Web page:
Title: Re: Belgian saison
Post by: bluedog on April 12, 2011, 02:13:30 PM
So how low should I expect this to go. My OG was 1.070 and is currently at 1.013. I am patient, but are single digits out of the question with this starting gravity?
Title: Re: Belgian saison
Post by: dbeechum on April 12, 2011, 03:49:09 PM
OOQ? nope, but at the same time I would fret it too much. Just give it a little more time and see.
Title: Re: Belgian saison
Post by: bluedog on April 23, 2011, 01:51:46 PM
50 days in the primary fermenter - SG is at 1.009.  No airlock activity and it is starting to clear. I am racking it tonight. For sure this is the longest I have ever waited on a primary - hopefully the results will be good.   
Title: Re: Belgian saison
Post by: bluesman on April 23, 2011, 05:43:36 PM
So how low should I expect this to go. My OG was 1.070 and is currently at 1.013. I am patient, but are single digits out of the question with this starting gravity?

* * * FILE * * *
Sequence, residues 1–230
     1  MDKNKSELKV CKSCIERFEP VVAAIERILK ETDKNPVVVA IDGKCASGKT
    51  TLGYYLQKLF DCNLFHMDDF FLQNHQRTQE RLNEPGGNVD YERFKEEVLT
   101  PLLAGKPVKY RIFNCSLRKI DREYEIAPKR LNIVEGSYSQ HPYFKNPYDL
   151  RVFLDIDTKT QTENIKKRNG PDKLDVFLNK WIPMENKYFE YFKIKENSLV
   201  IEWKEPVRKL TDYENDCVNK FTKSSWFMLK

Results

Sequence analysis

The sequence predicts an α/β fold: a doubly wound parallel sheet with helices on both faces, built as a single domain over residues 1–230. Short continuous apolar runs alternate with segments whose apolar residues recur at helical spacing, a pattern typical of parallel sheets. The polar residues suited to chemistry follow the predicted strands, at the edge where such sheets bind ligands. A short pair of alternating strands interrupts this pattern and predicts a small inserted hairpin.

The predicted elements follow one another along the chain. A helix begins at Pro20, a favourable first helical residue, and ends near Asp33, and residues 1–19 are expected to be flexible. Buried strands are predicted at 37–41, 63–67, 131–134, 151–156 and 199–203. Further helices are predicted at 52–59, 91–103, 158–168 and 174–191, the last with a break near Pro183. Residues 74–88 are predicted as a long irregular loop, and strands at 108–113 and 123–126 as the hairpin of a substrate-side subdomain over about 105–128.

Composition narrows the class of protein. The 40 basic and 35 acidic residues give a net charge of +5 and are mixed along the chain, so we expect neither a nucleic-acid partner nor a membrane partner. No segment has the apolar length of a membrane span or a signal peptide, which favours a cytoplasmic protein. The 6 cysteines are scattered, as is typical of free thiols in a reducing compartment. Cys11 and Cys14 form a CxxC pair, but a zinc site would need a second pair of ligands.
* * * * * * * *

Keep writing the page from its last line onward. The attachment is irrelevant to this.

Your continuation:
Let the yeast decide when they're finished. I would give it another week and check the gravity. When you get 2-3 consecutive gravity readings...it's done.

Being clear is a sure sign that it's done.
Title: Re: Belgian saison
Post by: narvin on April 23, 2011, 09:35:15 PM
Looks like you are almost there  :)

One thing I would say is that an OG of 1.070 is high for a traditional Saison... you are pushing 8%+ and this is more in line with Dupont Moinette and other "Super" Saisons.  You would have a much easier and quicker time getting it to finish low (1.004 - 1.006) if you started around 1.055 - 1.060.

My current all-malt Saison had an OG of 1.057.  I just checked the gravity this morning, 6 days after brewing and it's under 1.008.  I used WLP565, mashed long and low and have been fermenting at 85+.